A siren cuts the air and the police car, an old school jam sandwich, drives down Adelaide and turns the corner. A moment later there's screaming and chaos and cars, whole automobiles, come flying over the rooftops and crashing down. People panic, of course, and I find myself thinking how close that last one was. But I could do something about this if I were a superhero.

Yes, I am a superhero, apparently with the same powers of the original Superman, back when he could only outrun speeding bullets in a flash and jump like a flea across country. In addition, I have the ability to turn into a ghostlike form. In this form I can move from place to place but I cannot affect anything until I turn solid again.

Apparently, I can also make myself look like different sorts of people.

Instead of intervening in whatever madness can toss cars like toys, I find myself in a story where I'm investigating a mystery in a museum. Not wanting to be discovered, I use my shape-shifting powers to make myself appear to be a marble statue.

Then I'm depowered me again, hiking on a cliff above a valley containing, for some reason, the ruins of the sorts of buildings one sees in a city core. The conspirators meet here, in these overgrown, graffiti-marked buildings. They've turned them into buildings. I don't know what conspirators they are, except they're evil and nasty and they dress like businessmen. I have dark thoughts of revisionist 9/11 conspiracy theories, in which I place little stock, and the writings of David Icke, which I find about as credible as the average five-year-old's thoughts on Father Christmas. The hiking group of which I'm a part approaches the doors. One swings open. Inside, sure enough, we find a furnished office, and a Conspirator talking on a telephone.

Whereupon I find myself in the yard of my childhood home talking to a cousin and her spouse, who in this altered reality live next door.

I never do learn what sort of thing was tossing those cars, or if it was ever stopped.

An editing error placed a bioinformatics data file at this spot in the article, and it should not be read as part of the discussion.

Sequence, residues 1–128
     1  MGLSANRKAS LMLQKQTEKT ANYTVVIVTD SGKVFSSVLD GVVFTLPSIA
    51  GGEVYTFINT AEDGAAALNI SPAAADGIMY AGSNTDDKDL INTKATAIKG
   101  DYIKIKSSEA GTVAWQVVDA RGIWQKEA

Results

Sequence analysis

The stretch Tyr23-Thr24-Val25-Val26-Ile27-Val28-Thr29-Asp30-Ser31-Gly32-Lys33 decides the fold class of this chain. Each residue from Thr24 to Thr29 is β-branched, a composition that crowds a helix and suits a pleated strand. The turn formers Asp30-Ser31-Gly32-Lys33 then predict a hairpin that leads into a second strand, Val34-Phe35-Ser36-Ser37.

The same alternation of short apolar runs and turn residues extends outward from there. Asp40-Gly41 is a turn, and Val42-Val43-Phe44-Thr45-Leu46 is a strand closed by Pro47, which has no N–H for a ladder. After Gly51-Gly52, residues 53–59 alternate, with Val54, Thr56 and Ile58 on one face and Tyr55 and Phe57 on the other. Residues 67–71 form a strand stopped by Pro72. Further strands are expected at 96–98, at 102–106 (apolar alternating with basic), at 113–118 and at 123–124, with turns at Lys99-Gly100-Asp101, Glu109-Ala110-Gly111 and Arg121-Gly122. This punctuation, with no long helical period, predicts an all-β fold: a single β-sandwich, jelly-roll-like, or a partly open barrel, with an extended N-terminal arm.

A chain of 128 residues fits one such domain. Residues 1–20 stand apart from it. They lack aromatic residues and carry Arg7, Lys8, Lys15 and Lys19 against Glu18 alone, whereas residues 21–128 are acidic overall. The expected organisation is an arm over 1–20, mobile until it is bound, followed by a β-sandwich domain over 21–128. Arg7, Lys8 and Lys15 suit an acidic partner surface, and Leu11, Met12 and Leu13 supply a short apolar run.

Zee and I worked very close together when I first got there. He was a young dude, and I could never understand why he wore colored contacts, there being very few women to impress around us.

Before we left I walked by him that night, to say whats up and slap him on the shoulder. Always looking at his eyes, I remember thinking he didn't have any glasses. But, I had other shit to do, and he's a grown man so I moved on. After that night, I saw him in the hospital. He was mostly covered by hospital shit, but his face was uncovered. Over his eye was some kind of transparent plastic, and it was filled with blood and tissue, as if it were some kind of vessel meant to be filled with his bright red gore. I had the pleasure of sorting all the detritus and gear left behind by all the dead and wounded. I stared like a zombie at the bloody kit, still reeking with the stench of sweat and pain.

The night after, I found myself in somewhere unfamiliar. It was hazy, but the background was the same dirty brown buildings. They arched up and away from me, and I could feel them closing in around me. Zee was in front of me on a knee, and we were eye to eye. He was yelling something, but I couldn't hear him. I looked into his eyes, startled to discover they were there, undamaged, and without his colored contacts. I feel joy wash over me. Zee got his eyes back! I guess it wasn't as bad as we thought! 

I woke up staring at the ceiling, my mind's eye painting a new picture on the dark grey above me. Zee, blood streaming from his empty eye sockets. He reaches up with a finger to feel for his eyes, screaming "I CAN'T FUCKING SEE BRO." He reaches out for something to hold on to, as the chaos and noise swirls around him in the dark. All I see now is the image of Zee, with his finger in his empty eye socket, blood streaming like the stigmata down his face, mouth moving to words I can't hear.

If only he'd moved a little faster. If only I'd said something.

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